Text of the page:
The UK's electorate is bigger than that of 24 of the EU27 countries

There are more UK voters than in more than half the EU27 countries COMBINED

Montage © Facts4EU.Org 2024

Facts4EU.Org compares the EU’s elections on Friday with the UK’s general election on 04 July

This report helps to put the EU27 into perspective. Over the years we have attempted to correct the impression that parts of the media have presented to the British public, of the EU as 27 broadly equal countries with an equal vote in the EU Council. As we have shown before, these countries are wildly different – in the size of their economies, their average earnings per person, and many other measures.

With the EU elections starting on Friday and the UK general election four weeks later, we present the sizes of each of the EU27 countries’ electorates compared to the UK. We then explain why this should matter to the British people.

Brexit Facts4EU.Org Summary

The UK’s electorate compared to those of the EU27 countries

  • Germany : 65,110,000
  • France : 50,693,220
  • Italy : 47,340,098
  • UK : 47,074,800
  • Spain : 38,087,379
  • Poland : 32,148,844
  • Romania : 18,966,796
  • Netherlands : 13,300,000
  • Portugal : 10,901,968
  • Greece : 9,809,353
  • Belgium : 8,537,902
  • Czechia : 8,460,857
  • Sweden : 7,950,000
  • Hungary : 7,822,316
  • Austria : 7,025,784
  • Bulgaria : 6,147,079
  • Finland : 4,563,118
  • Denmark : 4,525,302
  • Slovakia : 4,389,600
  • Croatia : 3,733,398
  • Ireland : 3,370,364
  • Lithuania : 2,823,559
  • Slovenia : 1,692,767
  • Latvia : 1,545,147
  • Estonia : 981,138
  • Cyprus : 684,893
  • Luxembourg : 489,030
  • Malta : 370,190

[Sources : EU Commission (Eurostat) 2024 | the UK’s Electoral Commission 2019.]

© Brexit Facts4EU.Org 2024 - click to enlarge

Why does it matter that most EU countries have electorates smaller than the UK’s?

It might be thought that the answer to this is self-evident. However this is not clear to large parts of the British public, thanks to the pro-EU parts of the UK’s media.

Each EU country has an equal vote in the EU Council on many important issues. It is possible for a country with an electorate smaller than that of most UK cities to exercise a veto on important decisions.

The reality is even more extreme than that presented above

The UK Electoral Commission has not yet revealed the size of the UK electorate for the general election on 04 July. We have used the figure for the UK’s electorate in the 2019 general election. This figure is therefore understated.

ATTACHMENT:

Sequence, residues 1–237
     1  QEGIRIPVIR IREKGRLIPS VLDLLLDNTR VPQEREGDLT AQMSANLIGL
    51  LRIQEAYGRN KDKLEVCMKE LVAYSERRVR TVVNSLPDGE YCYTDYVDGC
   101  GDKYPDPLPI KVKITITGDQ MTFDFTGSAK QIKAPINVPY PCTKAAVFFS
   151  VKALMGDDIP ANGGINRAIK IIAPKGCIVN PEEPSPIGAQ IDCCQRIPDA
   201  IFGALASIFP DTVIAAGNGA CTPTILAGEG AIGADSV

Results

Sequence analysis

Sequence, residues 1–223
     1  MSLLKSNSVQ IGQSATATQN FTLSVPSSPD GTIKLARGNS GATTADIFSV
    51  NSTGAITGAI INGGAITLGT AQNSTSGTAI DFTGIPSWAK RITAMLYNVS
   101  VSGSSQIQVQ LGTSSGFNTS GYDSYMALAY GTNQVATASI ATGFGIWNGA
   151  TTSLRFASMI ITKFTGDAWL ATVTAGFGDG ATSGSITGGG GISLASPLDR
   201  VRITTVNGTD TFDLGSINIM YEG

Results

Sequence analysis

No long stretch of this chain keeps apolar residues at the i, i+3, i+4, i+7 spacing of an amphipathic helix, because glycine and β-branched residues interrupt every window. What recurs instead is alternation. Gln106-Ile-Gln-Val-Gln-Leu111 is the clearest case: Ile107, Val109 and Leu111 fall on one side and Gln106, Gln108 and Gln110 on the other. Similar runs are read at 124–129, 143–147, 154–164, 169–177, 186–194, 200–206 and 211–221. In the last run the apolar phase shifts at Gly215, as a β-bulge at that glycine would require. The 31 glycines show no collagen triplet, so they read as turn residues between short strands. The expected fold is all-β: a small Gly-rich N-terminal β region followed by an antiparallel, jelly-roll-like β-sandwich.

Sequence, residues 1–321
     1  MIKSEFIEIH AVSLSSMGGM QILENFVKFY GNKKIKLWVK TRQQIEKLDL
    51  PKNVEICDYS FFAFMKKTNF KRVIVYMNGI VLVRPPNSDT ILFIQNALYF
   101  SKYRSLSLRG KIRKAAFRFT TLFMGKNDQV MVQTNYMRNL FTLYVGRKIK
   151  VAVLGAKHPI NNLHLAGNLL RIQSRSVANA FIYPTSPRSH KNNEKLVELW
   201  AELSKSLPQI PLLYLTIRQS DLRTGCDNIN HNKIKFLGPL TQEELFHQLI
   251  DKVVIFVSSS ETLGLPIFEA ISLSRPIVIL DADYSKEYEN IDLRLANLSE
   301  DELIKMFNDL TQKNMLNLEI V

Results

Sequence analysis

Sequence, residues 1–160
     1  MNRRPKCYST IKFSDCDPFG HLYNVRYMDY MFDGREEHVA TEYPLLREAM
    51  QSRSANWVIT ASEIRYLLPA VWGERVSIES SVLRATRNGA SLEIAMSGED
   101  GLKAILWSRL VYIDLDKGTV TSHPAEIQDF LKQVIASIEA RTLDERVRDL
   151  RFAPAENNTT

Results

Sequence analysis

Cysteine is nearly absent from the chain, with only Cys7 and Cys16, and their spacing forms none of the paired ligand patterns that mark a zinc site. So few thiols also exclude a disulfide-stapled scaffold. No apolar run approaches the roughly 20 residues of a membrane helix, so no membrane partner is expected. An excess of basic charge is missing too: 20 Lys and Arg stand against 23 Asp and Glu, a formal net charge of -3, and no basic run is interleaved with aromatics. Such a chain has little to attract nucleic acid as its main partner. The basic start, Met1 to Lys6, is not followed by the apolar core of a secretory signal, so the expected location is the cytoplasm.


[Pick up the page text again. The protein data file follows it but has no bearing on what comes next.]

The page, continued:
To give a comparison, when it comes to first-time voters (persons who have reached voting age since the last EU elections in 2019), the highest numbers are expected in Germany (an extra 5.1 million persons), France (4.5 million) and Italy (2.8 million). The highest shares of first-time voters are expected in Belgium, France and Cyprus with 9.8%, 9.0% and 8.7% of all eligible voters, respectively.

Assuming the UK also has an electorate some millions higher than that in 2019, our figures in the chart above are very (small ‘c’) conservative.


For the last eight years we have attempted to present the reality of the EU to the British public in many different ways. Today, with elections looming in the EU and in the UK, it seems like an appropriate time to draw the public’s attention to the gross imbalance in the weight of the electorates of most EU countries compared to the United Kingdom.

This matters, as we have pointed out in our report, because of the ability of a country whose electorate is no larger than the size of an average UK city to hold a veto over important policy decisions by EU governments representing electorates many times larger.

The EU suffers from structural democratic deficits. The answer to this is simple. The EU should simply be a trading bloc. As this is never going to happen any time soon, this is yet another example of why the British people were right in 2016 to deliver their vote to leave the European Union.

We must get reports like this out there

Reports like the one above take far longer to research, write and produce than many people realise. If they were easy, readers would see other organisations also producing these daily. However, there’s little point in the Facts4EU.Org team working long hours, seven days-a-week, if we lack the resources to promote them effectively – to the public, to MPs, and to the media. This is where you come in, dear reader.

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[ Sources: EU Commission | UK Electoral Commission ] Politicians and journalists can contact us for details, as ever.

Brexit Facts4EU.Org, Wed 05 Jun 2024

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